By Cody Westerlund-

CHICAGO (CBS) – In tracing to the roots of the Bulls’ success this season, a familiar narrative has taken shape, becoming a form of gospel for some true believers.

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These Bulls, bless them, lack the talent of the league’s elite, but their possessing of the biggest collection of heart in the NBA allows them to compete with – and their fair share of the time, beat – anyone.

Led by fiery leader Joakim Noah, the creed states, the Bulls on any given night can will themselves to victory by outhustling, outworking and overwhelming foes with emotion. It’s a faith the players themselves outwardly practice.

“Just how hard we play, we don’t give up on any plays,” Bulls forward Jimmy Butler said just a couple days ago. “I can’t say you find that everywhere around this league. But here, if there’s a ball going out of bounds, and somebody is close to it … you’re guaranteed to see a guy dive on the ground or jump in the stands.”

This religion was shared with a national television audience the past two Sundays, when the Bulls did their best to convert Knicks star Carmelo Anthony and then fought off LeBron James and the defending champion Heat with pure grit in the season’s most emotional game.

Of course, there’s another hard truth to all this, the type that only comes to light on a mundane Tuesday night at the United Center with just a local broadcast audience watching to see a team in the midst of a 6-games-in-11-days challenge.

The reservoir of emotional fuel isn’t limitless, as a league-leading San Antonio reminded apathetic Chicago by racing out to an early 32-point lead in an eventual 104-96 triumph. These Bulls can give and give and give, but at some point the tank will be empty, and without a stud, there’s no one to pick them up.

“I don’t take anything for granted,” Noah said after Tuesday’s pummeling, in which San Antonio led at one point 51-19. “This team doesn’t take anything for granted. Just because you usually do it doesn’t mean it happens. You got to go out there and do it.”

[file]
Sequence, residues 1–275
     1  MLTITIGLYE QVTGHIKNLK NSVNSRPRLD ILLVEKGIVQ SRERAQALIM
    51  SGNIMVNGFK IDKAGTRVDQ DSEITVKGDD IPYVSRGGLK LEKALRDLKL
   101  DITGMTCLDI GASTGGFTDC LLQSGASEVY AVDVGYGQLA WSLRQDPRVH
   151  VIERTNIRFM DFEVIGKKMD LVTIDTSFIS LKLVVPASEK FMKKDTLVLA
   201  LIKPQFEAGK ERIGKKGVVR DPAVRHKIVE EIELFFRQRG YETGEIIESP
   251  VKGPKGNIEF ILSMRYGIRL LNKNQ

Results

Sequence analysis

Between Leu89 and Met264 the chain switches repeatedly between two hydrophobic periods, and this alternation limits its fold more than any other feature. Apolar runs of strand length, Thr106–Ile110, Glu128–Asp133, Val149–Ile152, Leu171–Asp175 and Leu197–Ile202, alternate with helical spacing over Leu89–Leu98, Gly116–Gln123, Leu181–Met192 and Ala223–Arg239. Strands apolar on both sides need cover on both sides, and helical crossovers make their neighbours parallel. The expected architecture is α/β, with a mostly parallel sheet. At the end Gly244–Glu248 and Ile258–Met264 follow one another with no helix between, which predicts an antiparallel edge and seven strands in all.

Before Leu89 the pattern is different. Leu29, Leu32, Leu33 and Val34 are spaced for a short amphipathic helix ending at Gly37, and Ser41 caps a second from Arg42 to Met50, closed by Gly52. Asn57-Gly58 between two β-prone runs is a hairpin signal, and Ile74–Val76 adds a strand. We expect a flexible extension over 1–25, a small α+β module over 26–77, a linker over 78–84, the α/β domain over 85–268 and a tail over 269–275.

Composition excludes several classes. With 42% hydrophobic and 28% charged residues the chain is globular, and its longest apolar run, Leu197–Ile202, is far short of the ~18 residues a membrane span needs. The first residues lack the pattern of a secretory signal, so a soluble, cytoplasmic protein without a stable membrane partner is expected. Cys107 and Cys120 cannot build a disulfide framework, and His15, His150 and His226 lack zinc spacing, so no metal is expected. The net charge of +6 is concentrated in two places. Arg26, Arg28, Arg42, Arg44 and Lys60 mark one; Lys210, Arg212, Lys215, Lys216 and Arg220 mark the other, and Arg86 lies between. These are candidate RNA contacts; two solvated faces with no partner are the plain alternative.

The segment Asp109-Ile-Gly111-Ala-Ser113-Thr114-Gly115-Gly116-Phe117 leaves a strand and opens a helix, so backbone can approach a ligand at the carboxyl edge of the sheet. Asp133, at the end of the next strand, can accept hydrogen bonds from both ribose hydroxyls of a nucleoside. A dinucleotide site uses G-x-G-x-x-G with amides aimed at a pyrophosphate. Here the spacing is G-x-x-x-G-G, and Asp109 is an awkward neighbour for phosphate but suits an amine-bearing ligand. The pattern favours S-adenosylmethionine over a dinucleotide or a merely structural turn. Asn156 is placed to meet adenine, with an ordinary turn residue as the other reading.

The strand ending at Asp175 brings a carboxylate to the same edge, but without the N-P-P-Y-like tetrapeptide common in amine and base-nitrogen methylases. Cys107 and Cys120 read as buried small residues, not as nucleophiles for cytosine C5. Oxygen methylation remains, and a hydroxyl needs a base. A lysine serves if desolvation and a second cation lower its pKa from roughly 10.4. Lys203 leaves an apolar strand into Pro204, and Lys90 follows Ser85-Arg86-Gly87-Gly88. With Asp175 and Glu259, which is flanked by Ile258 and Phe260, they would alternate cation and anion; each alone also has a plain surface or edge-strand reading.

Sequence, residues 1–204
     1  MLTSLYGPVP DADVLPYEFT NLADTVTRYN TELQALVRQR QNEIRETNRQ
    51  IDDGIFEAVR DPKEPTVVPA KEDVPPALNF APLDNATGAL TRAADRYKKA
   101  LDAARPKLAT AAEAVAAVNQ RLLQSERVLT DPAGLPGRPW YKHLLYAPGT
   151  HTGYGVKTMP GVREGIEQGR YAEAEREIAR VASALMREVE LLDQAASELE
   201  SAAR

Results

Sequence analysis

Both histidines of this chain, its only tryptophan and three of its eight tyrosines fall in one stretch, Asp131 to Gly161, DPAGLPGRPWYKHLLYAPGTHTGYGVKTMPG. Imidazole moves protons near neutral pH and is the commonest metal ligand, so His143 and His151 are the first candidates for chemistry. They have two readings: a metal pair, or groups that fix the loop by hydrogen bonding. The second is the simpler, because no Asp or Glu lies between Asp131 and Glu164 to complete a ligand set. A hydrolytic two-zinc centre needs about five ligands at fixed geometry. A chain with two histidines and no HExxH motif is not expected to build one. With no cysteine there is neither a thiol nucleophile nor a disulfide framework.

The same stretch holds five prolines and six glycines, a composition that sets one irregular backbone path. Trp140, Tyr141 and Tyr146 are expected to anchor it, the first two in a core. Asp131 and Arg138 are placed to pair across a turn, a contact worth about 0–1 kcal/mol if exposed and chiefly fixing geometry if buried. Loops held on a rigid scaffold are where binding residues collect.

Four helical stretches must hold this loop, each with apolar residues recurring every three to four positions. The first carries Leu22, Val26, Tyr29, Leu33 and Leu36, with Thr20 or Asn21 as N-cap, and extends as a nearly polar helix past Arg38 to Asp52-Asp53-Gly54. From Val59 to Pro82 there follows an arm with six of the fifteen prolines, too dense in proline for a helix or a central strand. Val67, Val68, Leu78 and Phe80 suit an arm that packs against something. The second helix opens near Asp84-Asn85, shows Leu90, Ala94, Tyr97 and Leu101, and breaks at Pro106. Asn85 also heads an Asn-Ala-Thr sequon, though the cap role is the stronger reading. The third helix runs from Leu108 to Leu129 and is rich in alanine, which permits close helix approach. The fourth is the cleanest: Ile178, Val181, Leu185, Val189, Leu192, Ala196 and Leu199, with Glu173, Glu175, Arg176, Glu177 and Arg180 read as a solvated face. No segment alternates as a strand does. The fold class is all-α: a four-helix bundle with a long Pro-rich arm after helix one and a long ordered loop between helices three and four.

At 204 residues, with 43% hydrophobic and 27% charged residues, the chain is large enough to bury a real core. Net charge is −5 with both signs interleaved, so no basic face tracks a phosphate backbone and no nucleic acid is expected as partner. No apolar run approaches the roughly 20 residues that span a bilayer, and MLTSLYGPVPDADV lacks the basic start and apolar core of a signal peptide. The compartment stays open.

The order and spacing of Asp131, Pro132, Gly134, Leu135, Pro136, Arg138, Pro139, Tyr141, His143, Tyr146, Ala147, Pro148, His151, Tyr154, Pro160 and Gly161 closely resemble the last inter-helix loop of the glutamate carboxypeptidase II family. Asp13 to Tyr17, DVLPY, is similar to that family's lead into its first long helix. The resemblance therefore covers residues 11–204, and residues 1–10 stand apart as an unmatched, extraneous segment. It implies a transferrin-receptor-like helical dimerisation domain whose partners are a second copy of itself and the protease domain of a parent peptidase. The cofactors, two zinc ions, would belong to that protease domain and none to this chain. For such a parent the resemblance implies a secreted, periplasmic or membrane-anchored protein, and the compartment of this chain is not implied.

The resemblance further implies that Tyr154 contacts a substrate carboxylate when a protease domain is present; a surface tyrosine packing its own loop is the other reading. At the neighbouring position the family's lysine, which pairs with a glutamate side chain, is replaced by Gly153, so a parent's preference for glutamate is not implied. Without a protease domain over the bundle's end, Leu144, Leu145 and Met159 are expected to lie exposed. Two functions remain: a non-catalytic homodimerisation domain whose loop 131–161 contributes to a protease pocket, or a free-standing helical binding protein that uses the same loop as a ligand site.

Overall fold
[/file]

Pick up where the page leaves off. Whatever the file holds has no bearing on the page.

So the question remains: How far can emotion take the Bulls, how often can it lead them?

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Although Noah and teammates said Sunday’s emotional roller coaster win over the rival Heat had little effect on Tuesday – “Behind us,” D.J. Augustin said – these games did show the fragility of the Bulls’ stature in the NBA. Chicago (35-29) walks as fine a line as any playoff-bound team, as evidenced by its plus-0.8 point differential, tied for the closest to even in the league.

Just last week, Memphis coach Dave Joerger spoke of the difficulty his injury-riddled Grizzlies have faced in approaching so many games in a loaded Western Conference with a “must-win” attitude. On the outside of the playoff picture looking in, Memphis must have such a mindset.

Chicago has had its DNA infused with a similar mindset ever since Tom Thibodeau took over as coach, but Joerger warned how it can also take a toll on teams with limitations.

“Every game has been so, ‘Holy cow, let’s go get this one’ because you’re playing down three guys,” Joerger said. “Hey, whatever it takes, whatever it takes – guys are playing every single game as hard as they can.

“As far as the importance of every game, much further out than the last 30-game stretch going into the playoffs where, you know, generally the good teams say, ‘OK, it’s time to catch a rhythm here, we got to start playing a lot better basketball’ – we’ve been trying to do that for a long time, and what that does is it can wear you out.”

Not surprisingly, it that mental fatigue that undid the Bulls on Tuesday, when they came out with “no edge,” Thibodeau said, and were thereafter torched by a first-half shooting spree of a Spurs team that again has proved its championship caliber.

“It’s a great lesson,” Thibodeau said. “It’s a great lesson.”

And a sobering one, too, as the “win with emotion” mantra has a ceiling on what’s possible.

It’s called the second round of the playoffs.

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Cody Westerlund is a sports editor for and covers the Bulls. Follow him on Twitter @CodyWesterlund.